In January 2017, the Consumer Financial Protection Bureau (CFPB) sued the nation’s largest servicer for federal and private student loans. The reason behind the lawsuit was for systematically and illegally failing borrowers and each point of the repayment process.

Navient, which used to be a portion of Sallie Mae, purposely created obstacles within the repayment system and provided wrongful information. They also processed payments incorrectly and didn’t act when a borrower complained.

CFPB Director Richard Cordray said,“Navient failed consumers who counted on the company to help give them a fair chance to pay back their student loans.” Basically, they chose to shortcut and deceive customers in order to save on operating costs. This lawsuit is an effort to make them accountable for these actions.

So how might your student loan servicer be cheating you?

Misapplied Student Loan Payments

Another way that your servicer could cheat you would be to only direct your payments to your account with the lowest interest rate. This may not even be corrupt in concept. In reality, the student loan servicers’ payment processing system may just not be set up in your best interest.

In order to try and fix this, you may have to call in to speak with your servicer to make sure any excess is paid off in the right manner. If your loan is around $100 but you’re trying to pay $300 each month, make sure the extra $200 is going where you want it to go. Also keep up with your original paperwork and document every conversation, canceled check, loan payment, or bank statement for direct payment.

Disappearing Student Loans

If you are repaying student loans issued from a private bank, it is possible that when you log in to check your account you will see that the balance has suddenly dropped to $0, despite the fact that you owe a balance. When this happens, it means that your student loans may have been sold to a new owner and your servicer has changed.

Most servicers will let you know if your loans have been sold, but it’s possible that there could be some lag time between the action and the notice. It’s also possible that you may not get your bill in time if they haven’t contacted you. Unfortunately, this doesn’t mean you’re off the hook. In fact, it could be quite the opposite.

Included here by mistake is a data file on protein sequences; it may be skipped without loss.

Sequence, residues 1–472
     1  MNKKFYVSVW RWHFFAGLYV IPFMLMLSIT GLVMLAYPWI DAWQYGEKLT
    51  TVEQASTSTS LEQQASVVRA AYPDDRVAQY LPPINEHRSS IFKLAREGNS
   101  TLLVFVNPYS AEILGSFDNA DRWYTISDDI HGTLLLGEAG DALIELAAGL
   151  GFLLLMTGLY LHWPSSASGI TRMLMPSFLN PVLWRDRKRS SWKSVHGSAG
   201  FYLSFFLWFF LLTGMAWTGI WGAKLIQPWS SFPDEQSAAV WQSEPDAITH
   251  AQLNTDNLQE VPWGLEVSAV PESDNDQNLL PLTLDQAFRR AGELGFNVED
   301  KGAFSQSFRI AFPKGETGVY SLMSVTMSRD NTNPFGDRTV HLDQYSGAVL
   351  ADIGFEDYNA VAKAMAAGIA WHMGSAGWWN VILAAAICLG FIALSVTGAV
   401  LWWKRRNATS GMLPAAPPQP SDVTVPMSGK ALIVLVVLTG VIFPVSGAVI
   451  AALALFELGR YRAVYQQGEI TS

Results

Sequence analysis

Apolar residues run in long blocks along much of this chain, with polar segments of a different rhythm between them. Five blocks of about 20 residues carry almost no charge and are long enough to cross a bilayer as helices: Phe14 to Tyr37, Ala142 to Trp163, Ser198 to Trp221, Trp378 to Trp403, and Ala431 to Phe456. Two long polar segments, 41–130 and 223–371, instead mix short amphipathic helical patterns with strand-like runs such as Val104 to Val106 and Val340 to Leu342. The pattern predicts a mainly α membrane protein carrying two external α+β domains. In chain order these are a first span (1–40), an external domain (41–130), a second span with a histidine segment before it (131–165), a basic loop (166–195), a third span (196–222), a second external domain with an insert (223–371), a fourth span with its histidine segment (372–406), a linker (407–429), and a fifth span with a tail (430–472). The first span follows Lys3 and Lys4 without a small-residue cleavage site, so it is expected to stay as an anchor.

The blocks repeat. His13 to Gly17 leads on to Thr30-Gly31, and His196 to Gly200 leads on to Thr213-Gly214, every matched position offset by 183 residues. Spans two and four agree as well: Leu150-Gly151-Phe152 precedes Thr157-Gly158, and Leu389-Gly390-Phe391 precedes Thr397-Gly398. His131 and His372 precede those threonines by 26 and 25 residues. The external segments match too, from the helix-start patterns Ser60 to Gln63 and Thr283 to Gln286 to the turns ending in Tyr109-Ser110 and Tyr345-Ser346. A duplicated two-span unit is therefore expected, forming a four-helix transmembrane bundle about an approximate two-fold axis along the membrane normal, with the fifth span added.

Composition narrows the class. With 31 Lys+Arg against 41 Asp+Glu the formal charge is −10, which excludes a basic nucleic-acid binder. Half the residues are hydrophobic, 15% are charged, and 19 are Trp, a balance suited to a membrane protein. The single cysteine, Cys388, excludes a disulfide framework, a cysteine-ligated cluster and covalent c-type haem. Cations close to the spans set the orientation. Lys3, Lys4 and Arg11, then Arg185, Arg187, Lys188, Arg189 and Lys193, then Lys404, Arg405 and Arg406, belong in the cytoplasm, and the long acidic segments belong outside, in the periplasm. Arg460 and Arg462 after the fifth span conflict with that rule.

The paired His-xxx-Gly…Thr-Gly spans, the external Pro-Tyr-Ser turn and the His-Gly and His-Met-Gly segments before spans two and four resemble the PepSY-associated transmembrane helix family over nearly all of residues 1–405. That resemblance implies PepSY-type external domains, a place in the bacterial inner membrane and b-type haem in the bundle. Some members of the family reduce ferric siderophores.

If this happens to you, reach out to your student loan servicer to ask about the new balance. Check with the National Student Loan Data System to make sure the updated information has also been transferred with your loan. Then, use a free credit report to see if your new servicer has reported the transfer.

If you let this slide, it’s possible that you could be charged a fee for a late payment even though you had an automatic payment set up with the previous provider, or you were waiting on a new bill.

Student Loan Balances That Reappear

Sometimes, a student loan balance will mysteriously come back from the dead. Let’s say you just paid off your student loan, but your servicer says you still owe another $1,000 on the debt. This isn’t a common accounting error, but it could happen. By keeping documented bank records, you can eradicate this problem.

Even taking screenshots on your phone or computer will work to prove that you’ve paid off the correct amount. Make sure not to crop out dates or times of any important payment information when organizing your paperwork.

Stalled Application For Payment Adjustment

When you change your payment plan, such as dropping a forbearance to switch to an income-based plan, there can often be problems from servicers. Do your part by sending in all of the required documents and make sure the application is processed correctly. Don’t change any scheduled payments until adjustments have been made.

Sometimes, it’s best to do this over the phone to make sure all paperwork has been received and then ask for a email or other form of written confirmation. If you do this online, but don’t receive a conformation, call and confirm.

Going Above The Law

If the methods above do not work with your servicer, there are always other options to get your paperwork or loan in the right hands. If your servicer simply won’t work with you, shop around for someone with a better interest rate. This way, you can consolidate loans and even reduce your monthly payment.

If your servicer seems to be treating you and others unfairly, there is also a way to submit a complaint to the CFPB. Simply visit their website and submit a complaint. According to their homepage, 97 percent of consumers receive a timely response and they’ve handled over 1 million complaints from consumers.

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Jacob Evans runs his own personal finance blog over at Dollar Diligence. Through meticulously watching his money and extreme frugality, he was able to pay down over $25k in student loan debt in just 15 months.